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In an interview, Bill Jenkins, Assistant Regional Administrator of the General Services Administration's (GSA) Public Buildings Service (PBS) Region 2, provided his views of the Linking Budget to Performance initiative (described in the article Measurement and Rewards Improve Performance at GSA). Region 2 was the winner of the first annual PBS Performance Excellence Award, given to the region with the best overall regional performance based on the initiative's measures.
Q. How would you characterize the effect that the initiative has had on your region?
A. I think that it has really gotten everybody focused on results and the performance that is necessary to achieve those results. Everybody is given a common set of performance results to shoot for that we all had a hand in developing, and people generally know what is expected of them in their job. This has been good for the organization and has had a great impact on our achievement.
Q. What were the key challenges your region faced in achieving the results it did?
A. Number one was understanding the goals. What were these goals, what did they mean, and how could we score well in those particular areas? Once we understood the goals, people focused on achieving them and spent less time on other less important programs.
Q. Were employees financially rewarded for doing a good job and, if so, how was the award money distributed?
A. Yes, in many cases around the country employees were well rewarded for their performance. Distribution of the monies in the Performance Excellence Pool varied from region to region. In the case of our region, we decided to grant an equal award amount to each employee, prorated for recent hires. We chose this approach to show that we were all part of the same team, that the team was the whole region, and that we were going to reward team members equally. Other regions did it differently. I think one region distributed award monies strictly as a percent of salary and another strictly based on managers' input. As an example of an option for distributing awards, a region could decide to grant 50 percent of the money to employees as awards and put 50 percent back into the business. The region could then take the 50 percent for awards and decide that one third would go in equal amounts to each employee, one third would be granted at the discretion of the managers, and one third would be distributed based on peer input. This is just an example of how it could work.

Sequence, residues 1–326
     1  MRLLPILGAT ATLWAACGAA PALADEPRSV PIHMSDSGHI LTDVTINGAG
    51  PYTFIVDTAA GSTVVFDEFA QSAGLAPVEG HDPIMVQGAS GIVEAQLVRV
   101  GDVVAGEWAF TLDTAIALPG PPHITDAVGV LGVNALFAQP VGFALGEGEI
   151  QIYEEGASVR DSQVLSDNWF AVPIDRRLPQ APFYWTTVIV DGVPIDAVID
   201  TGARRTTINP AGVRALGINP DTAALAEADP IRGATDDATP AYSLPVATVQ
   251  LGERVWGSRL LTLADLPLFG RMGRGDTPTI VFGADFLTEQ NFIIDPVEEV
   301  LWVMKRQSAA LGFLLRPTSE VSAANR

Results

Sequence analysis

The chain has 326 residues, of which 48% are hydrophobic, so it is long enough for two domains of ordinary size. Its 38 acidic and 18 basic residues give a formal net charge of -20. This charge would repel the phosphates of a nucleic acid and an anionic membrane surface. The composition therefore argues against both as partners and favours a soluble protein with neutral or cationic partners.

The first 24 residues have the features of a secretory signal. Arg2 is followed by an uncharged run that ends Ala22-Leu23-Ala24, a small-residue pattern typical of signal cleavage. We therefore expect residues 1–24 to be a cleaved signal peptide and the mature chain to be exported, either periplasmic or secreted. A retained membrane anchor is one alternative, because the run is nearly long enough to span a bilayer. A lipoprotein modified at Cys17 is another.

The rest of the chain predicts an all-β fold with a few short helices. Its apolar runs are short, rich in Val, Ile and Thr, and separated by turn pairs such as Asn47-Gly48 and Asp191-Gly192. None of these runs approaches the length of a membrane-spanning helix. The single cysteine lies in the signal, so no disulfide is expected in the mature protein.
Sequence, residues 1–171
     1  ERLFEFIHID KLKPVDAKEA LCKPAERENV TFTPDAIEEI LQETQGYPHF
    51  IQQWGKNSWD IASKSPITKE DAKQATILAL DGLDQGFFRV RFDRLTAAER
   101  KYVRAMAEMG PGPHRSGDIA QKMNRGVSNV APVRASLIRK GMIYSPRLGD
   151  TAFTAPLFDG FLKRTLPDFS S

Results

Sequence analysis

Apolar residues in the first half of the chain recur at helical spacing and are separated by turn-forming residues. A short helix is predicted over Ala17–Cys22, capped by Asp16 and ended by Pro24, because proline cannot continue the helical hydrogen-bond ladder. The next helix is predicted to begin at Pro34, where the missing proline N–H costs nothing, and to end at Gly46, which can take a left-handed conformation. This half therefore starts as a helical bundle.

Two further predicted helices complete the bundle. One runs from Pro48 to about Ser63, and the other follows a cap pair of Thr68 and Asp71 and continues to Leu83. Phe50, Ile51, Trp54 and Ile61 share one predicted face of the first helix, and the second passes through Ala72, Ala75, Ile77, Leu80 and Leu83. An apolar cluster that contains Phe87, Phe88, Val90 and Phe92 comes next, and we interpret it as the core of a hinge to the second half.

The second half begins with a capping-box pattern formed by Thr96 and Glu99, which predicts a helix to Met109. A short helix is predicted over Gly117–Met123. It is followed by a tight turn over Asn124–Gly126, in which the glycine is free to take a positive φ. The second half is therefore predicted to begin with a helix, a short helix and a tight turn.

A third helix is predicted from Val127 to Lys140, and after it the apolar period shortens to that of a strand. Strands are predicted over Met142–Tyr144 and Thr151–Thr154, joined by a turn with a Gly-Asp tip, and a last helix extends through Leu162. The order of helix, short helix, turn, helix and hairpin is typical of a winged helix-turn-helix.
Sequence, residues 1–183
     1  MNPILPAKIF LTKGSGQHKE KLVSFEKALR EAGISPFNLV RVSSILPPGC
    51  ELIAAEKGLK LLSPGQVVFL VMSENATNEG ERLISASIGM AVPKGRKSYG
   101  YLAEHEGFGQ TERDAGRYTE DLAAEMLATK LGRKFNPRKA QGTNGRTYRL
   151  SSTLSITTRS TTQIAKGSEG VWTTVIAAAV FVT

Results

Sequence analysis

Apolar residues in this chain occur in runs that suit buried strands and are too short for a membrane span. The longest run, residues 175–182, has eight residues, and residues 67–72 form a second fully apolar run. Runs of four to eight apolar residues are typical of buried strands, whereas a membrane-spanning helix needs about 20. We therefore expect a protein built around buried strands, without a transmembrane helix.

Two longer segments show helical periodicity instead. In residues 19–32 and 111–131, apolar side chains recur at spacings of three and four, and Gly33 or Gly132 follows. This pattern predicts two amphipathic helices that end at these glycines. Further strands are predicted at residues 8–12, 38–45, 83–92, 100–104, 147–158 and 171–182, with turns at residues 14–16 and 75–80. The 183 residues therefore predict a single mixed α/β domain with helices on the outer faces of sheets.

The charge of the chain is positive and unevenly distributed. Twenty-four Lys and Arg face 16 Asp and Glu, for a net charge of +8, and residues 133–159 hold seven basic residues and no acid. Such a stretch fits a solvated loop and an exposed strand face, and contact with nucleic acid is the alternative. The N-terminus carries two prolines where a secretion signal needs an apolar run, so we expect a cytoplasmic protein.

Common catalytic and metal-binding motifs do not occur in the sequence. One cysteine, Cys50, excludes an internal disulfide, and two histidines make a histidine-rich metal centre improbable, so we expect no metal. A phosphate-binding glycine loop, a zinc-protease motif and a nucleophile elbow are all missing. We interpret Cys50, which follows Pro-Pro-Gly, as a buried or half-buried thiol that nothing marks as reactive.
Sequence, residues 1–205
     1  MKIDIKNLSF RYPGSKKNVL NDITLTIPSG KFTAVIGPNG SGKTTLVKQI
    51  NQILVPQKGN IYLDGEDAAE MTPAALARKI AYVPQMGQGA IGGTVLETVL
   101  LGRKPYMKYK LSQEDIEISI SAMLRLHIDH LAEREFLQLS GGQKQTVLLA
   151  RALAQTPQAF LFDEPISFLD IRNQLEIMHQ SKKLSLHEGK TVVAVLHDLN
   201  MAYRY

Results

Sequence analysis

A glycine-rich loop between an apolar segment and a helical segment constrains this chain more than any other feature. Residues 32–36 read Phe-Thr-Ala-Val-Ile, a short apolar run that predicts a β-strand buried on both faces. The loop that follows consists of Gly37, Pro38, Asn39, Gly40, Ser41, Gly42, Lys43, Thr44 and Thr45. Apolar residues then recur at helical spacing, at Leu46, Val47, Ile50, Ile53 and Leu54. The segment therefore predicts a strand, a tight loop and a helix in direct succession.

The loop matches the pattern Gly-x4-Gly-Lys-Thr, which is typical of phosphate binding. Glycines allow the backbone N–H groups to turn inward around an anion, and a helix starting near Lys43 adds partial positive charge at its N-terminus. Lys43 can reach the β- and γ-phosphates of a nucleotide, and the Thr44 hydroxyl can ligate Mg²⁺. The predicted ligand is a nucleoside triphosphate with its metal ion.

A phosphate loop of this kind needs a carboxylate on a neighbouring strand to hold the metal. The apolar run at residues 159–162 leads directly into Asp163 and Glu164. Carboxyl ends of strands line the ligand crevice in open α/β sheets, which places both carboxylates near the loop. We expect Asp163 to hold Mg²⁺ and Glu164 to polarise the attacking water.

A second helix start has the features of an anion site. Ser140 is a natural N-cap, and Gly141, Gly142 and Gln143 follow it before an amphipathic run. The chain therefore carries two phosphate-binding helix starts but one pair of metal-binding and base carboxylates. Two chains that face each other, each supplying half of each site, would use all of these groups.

Q. Do you think similar initiatives could be successful at other Government agencies?
A.Absolutely. But it takes a forward thinking organization to do this. Too many agencies in the executive branch would never dream of doing something like this. It's there for agencies to do, to use as a tool and as an incentive, but it has to be done with restraint—it can't just be a give- away program. We don't want this thing to become an entitlement program. We're trying to get people to realize that the real object of this is rewarding employees for improved performance.
Q. Any key lessons learned so far?
First, competition is healthy, but it is not a be all and end all. It's healthy in that you have an established, quantifiable target that you are trying to achieve, which lets people know where they stand. People like to know how they are being measured and they like to receive feedback that they are doing a good job. While I think there was pride in trying to hit those targets, it also helped us improve our teamwork. In addition, the object was not to stress competition among regions, but to better ourselves. If you established a benchmark and a goal for your region, your goal was to beat that benchmark, not to outdo the other regions. And that's an important point. Our goal was to improve. We are more focused on competing against the private sector than against other regions.
Finally, if we really want to reward the high performers, we need to develop a better system to do so. I don't think we've gotten there yet as an organization. That's the result we are trying to get to in terms of rewarding employees.
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